China argues rich countries’ carbon reduction targets are unambitious

China’s top official claims that carbon reduction targets proposed by industrialised nations should be discussed in Cancun Summit.
Oct. 6, 2010 - PRLog -- A new discrepancy turned up today at the centre of the UN’s long-running climate change negotiations in the latest round of talks in Tianjin, when one of China's top negotiators reiterated his call for industrialised nations to adopt more ambitious carbon reduction targets.

While officials hoped that latest round of talks would focus on the areas where agreement is likely to be achieved at the upcoming Cancun summit, such as forestry protection and climate financing, China’s head of the climate change office, Su Wei, told reporters that China would use the Cancun Summit to press industrialised nations to increase their carbon reduction targets.

Su Wei reiterated UN warnings that the carbon reduction targets currently proposed by the US, the EU and other industrialised countries should be dramatically raised to avoid temperature rises of more than two degrees. He added that the carbon reduction targets were still far distant from the expectations of developing countries and from what is required according to science, although it was encouraging that industrialised nations had agreed to various carbon reduction targets as part of last year's Cancun Summit.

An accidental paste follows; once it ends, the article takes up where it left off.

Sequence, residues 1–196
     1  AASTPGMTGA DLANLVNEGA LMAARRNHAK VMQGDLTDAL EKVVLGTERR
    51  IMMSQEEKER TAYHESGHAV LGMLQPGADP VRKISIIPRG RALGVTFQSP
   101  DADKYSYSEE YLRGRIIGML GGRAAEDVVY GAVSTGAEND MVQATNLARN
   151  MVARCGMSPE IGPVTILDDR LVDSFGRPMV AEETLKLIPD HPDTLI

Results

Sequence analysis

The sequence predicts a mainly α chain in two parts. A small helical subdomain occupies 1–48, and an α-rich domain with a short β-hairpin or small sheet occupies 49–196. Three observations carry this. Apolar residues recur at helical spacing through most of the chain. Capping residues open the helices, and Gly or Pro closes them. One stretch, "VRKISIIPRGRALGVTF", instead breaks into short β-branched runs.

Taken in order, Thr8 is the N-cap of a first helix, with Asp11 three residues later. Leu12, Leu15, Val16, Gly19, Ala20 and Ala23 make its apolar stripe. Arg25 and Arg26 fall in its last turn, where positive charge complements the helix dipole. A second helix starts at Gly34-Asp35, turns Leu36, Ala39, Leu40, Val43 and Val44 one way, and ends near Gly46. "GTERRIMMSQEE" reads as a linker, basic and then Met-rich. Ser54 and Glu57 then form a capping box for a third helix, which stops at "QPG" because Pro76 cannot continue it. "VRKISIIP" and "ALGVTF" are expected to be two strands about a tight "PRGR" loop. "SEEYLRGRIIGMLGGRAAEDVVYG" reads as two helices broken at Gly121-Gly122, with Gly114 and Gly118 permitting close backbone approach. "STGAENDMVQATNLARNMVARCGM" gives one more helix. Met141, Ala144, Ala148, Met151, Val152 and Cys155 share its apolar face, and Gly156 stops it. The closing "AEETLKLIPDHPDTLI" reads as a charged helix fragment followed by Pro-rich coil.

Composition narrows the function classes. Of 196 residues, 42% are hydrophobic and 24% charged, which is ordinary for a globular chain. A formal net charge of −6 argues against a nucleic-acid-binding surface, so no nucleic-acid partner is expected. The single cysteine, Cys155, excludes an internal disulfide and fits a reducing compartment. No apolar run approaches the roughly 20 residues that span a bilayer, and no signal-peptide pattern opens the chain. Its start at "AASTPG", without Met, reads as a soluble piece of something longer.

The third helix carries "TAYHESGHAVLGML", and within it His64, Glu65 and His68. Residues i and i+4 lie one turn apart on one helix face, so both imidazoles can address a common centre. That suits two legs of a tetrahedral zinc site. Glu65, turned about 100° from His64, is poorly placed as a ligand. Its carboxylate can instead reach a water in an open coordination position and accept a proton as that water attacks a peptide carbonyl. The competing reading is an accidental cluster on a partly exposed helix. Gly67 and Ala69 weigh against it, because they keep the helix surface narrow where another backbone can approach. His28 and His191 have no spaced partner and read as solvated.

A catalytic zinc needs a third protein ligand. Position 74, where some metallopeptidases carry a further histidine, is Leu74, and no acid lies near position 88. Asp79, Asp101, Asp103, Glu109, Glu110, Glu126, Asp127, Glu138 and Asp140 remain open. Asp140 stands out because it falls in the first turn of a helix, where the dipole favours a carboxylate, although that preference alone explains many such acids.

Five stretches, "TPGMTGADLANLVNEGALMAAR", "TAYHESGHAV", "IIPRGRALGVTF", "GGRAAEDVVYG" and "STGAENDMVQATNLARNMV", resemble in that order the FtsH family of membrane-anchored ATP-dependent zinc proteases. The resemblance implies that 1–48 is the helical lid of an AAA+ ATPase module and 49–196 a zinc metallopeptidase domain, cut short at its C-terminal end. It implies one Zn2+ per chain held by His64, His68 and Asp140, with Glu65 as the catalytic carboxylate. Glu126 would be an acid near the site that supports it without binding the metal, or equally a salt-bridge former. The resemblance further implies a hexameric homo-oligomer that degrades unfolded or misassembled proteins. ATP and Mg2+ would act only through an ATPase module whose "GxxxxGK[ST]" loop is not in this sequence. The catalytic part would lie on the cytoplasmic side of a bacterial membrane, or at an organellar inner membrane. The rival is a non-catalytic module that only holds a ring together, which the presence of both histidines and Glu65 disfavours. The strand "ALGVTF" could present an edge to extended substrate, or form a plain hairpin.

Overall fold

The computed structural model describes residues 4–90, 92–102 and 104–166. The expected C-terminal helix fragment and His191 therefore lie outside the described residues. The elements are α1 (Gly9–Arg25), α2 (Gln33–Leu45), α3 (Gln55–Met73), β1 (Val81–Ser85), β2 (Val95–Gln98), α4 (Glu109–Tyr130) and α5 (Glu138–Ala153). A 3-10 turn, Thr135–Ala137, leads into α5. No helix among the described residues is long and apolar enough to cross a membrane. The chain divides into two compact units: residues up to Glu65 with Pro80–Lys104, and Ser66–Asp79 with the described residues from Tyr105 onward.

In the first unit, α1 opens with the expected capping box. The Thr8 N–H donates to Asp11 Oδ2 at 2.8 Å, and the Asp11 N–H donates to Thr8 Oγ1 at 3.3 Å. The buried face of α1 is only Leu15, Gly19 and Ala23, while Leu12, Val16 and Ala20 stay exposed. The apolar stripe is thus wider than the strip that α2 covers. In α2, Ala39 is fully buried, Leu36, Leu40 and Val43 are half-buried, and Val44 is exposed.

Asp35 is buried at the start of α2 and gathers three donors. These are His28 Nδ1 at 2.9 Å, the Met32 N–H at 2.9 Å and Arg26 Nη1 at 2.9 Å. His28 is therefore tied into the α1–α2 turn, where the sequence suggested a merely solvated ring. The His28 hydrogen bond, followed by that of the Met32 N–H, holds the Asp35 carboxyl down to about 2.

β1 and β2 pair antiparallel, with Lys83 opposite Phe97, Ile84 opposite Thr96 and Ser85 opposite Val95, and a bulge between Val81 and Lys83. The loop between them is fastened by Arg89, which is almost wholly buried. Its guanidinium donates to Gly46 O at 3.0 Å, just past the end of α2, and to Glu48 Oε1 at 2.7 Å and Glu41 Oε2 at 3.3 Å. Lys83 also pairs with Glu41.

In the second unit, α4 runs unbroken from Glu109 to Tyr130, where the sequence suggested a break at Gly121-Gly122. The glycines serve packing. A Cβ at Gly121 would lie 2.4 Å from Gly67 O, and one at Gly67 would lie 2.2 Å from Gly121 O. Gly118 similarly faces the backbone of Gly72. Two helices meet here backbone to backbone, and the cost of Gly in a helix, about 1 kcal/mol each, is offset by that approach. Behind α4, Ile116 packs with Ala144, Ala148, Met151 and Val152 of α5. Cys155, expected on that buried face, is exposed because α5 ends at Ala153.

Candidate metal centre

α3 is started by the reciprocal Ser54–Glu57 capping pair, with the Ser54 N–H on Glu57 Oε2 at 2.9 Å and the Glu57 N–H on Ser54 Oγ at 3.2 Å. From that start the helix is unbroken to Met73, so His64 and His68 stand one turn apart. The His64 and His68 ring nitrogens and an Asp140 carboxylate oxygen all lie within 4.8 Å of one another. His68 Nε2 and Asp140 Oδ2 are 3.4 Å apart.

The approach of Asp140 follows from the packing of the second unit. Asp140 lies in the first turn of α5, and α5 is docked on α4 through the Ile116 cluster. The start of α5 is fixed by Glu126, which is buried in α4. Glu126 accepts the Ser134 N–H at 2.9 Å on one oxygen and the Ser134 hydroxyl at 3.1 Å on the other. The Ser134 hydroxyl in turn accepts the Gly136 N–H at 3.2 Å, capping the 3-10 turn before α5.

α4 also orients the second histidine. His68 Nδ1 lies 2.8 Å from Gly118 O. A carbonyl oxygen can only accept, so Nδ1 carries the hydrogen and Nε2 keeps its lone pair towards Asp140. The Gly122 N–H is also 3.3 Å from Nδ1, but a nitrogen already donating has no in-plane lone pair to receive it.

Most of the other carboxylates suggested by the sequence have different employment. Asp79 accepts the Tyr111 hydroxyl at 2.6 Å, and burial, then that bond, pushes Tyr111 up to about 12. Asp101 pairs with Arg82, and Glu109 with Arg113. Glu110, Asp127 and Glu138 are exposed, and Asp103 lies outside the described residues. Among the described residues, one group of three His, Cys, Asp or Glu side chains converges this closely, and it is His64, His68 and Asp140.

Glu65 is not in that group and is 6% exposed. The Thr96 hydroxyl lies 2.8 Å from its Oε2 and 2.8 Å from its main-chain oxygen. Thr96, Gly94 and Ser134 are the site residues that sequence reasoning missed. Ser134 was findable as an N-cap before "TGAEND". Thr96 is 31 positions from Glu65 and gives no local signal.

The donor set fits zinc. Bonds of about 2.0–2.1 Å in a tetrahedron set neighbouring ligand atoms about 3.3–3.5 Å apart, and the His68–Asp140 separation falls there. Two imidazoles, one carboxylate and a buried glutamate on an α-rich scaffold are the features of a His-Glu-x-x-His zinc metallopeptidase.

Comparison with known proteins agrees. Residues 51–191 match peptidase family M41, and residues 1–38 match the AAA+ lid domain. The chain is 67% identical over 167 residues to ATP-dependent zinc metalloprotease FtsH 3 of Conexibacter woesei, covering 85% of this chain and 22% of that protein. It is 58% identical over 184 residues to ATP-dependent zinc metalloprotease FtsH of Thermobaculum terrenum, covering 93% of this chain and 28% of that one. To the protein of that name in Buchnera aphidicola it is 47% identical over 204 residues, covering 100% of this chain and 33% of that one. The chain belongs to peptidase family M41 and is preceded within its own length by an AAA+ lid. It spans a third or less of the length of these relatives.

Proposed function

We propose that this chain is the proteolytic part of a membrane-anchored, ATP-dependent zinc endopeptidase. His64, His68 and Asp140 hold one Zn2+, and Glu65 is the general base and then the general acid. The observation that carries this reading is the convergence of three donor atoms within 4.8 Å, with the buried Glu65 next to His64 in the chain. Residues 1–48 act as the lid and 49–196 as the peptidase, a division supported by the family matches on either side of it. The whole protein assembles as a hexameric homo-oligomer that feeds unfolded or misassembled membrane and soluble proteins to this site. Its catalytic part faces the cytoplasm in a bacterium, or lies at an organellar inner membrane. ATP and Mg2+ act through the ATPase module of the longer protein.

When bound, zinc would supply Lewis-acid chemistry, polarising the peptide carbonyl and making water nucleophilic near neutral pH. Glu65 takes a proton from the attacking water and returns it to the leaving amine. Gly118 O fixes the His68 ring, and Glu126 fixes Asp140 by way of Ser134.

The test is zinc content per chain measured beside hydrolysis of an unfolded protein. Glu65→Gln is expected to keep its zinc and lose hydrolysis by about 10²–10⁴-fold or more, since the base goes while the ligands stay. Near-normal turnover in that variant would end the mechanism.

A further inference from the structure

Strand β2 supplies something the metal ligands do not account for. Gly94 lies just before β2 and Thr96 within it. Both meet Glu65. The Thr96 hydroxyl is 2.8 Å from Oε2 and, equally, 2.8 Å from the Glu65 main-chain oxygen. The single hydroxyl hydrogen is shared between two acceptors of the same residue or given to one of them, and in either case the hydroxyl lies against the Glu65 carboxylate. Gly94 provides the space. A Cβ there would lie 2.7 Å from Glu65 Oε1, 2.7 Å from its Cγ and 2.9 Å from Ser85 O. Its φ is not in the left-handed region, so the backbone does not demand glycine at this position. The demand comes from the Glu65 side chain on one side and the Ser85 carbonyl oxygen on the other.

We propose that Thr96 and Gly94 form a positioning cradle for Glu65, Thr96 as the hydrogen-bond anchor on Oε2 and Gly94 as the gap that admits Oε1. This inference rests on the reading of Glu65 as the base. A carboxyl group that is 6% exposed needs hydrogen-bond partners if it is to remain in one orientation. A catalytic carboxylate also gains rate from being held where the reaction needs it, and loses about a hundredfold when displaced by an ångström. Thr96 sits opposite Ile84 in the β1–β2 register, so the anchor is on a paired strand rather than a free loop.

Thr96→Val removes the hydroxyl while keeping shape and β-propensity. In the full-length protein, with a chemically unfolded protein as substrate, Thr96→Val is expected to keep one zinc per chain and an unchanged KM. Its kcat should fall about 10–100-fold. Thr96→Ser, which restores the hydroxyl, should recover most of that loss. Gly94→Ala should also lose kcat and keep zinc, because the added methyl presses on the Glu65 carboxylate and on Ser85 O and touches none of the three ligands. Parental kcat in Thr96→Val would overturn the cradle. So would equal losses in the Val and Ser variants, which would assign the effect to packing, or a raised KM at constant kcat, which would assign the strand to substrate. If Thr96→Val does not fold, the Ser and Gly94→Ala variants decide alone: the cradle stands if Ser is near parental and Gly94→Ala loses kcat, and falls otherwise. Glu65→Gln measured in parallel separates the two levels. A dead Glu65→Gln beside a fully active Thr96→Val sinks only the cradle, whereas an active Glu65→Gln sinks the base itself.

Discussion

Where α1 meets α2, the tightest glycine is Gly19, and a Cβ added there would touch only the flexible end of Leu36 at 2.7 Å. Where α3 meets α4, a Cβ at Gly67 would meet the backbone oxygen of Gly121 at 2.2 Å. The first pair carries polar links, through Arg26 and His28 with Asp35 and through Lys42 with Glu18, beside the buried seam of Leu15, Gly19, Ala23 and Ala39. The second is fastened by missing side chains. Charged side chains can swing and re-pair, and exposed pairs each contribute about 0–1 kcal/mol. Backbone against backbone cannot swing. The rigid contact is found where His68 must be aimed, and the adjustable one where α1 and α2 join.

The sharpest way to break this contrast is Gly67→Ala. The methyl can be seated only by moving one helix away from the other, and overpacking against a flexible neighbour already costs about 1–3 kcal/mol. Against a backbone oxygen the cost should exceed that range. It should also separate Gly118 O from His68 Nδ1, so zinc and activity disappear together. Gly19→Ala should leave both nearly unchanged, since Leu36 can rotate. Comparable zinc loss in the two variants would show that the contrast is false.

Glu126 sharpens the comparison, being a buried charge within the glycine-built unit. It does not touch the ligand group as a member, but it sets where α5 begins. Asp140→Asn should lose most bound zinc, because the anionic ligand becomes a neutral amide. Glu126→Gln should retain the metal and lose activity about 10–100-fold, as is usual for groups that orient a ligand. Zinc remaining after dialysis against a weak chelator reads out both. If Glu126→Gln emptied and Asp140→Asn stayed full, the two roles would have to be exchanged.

Moreover, he warned that contentious issue of carbon reduction targets would form a central part of the agenda at the Cancun summit, despite a widespread acceptance that the issue will not be resolved this year and that the focus should shift to areas where the key players are closer to agreement.

Su Wei said that, "To achieve a balanced outcome at the Cancun conference, the emissions reduction targets of developed countries must be discussed…We can't discuss just other elements, but not discuss these emissions reductions."

Developing countries, led by China, argue that the 17% carbon reduction targets that the US has promised to deliver by 2020 and the more ambitious 20% carbon reduction targets pledged by the EU are both insufficient. Instead, they claim that industrialised nations should agree to carbon reduction targets of about 40% by 2020, to allow poorer countries to adopt less demanding targets.

However, the US has consistently maintained that such ambitious carbon reduction targets are unfeasible and has indicated that it would only consider adopting more demanding goals if emerging economies such as China and India also agree to binding carbon reduction targets, which both countries have refused to do.

In the mean time, some delegates hinted that the atmosphere at the Tianjin negotiations has remarkably improved since the previous round of talks in Bonn, Germany. They declared that if that optimism remains some progress can be made on issues relating to the long-term management of climate funding and clean technology transfer.

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